In my continuing efforts to someday fly a deHavilland Beaver, I was having a look at the Murphy Aircraft site. They make a kit built plane that is very similar to the deHavilland Beaver, called the Murphy Moose. It’s smaller than the Beaver, but it’s got a big round engine, and they have a float kit for it. It would almost be perfect for me.
The problem is their web site. It sucks. The very first page has an announcement that they hired their first full time webmaster, and either this webmaster is an idiot, or they haven’t had time to fix the crap. Part of the problem is that there are a lot of broken links. Part of the problem is that some of those links are the classic “thinks they’re a web master because they stole a copy of FrontPage” mistake of
But the worst mistake is I went to their order info page (no thanks to that link) to order an information package and DVD. And whoever wrote that page is a moron. First mistake – after you enter your name, you get a pop up telling you that you haven’t put in all the other required fields. No shit Sherlock, that’s why I haven’t hit Submit yet. But then the real problem: you put in your information and your credit card data, and click “Submit”, and instead of getting any sort of confirmation that your information was received, you get two Thunderbird “Compose Mail” windows popping up with an empty mail to “firstname.lastname@example.org”. Because for some bizarre reason, the Submit button, as well as being a real form submit button, it’s also a mailto: link. WTF?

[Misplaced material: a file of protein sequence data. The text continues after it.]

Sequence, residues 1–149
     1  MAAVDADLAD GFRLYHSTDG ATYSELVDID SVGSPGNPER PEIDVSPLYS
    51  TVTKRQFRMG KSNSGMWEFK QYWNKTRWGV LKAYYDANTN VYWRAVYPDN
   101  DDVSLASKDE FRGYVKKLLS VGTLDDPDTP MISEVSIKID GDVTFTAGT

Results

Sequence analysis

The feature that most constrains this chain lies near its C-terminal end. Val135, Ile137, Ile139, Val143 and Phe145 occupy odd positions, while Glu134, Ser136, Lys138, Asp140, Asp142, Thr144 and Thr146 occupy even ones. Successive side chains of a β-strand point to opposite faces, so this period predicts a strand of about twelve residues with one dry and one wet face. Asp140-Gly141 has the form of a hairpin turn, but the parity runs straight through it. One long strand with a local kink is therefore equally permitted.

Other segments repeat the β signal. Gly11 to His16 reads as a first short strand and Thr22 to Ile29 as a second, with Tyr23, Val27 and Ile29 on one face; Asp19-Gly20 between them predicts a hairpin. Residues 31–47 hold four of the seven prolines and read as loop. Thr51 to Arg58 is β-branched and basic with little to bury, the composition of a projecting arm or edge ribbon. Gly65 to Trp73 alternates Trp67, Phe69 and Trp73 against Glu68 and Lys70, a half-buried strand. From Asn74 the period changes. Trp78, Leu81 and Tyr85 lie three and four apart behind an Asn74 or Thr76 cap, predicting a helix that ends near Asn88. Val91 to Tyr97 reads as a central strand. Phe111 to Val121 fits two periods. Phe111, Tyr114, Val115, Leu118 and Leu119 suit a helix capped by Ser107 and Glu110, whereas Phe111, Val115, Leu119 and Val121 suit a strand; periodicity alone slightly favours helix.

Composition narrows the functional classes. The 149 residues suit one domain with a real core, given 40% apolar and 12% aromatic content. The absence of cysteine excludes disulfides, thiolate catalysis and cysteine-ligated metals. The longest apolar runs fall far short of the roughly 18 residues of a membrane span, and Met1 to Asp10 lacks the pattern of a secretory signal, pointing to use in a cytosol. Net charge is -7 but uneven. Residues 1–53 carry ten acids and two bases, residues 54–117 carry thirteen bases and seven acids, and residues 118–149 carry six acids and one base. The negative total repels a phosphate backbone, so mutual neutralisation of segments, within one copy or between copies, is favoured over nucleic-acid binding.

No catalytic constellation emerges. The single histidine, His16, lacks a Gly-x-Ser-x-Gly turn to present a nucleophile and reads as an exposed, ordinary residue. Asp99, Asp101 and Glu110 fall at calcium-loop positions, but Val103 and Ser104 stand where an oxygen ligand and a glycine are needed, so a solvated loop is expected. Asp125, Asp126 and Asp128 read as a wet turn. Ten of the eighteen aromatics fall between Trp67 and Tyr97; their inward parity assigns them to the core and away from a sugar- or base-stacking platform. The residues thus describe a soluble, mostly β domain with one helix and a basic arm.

Examining the web source, you can also see the biggest newbie mistake ever: the web form has the email recipient coded as a hidden field in the form itself (which means that a spammer could use their server to send spam by changing the email address), and the form action is
_vti_bin/shtml.exe/Order%20Info.htm. Looking at my web logs, I can see that
_vti_bin/shtml.exe is a known open mail relay program searched for and used by spammers.
This company’s web presence is done by amateurs, and not very competent amateurs. That doesn’t give me a lot of confidence about giving them $50,000 (or however much a kit costs) of my money.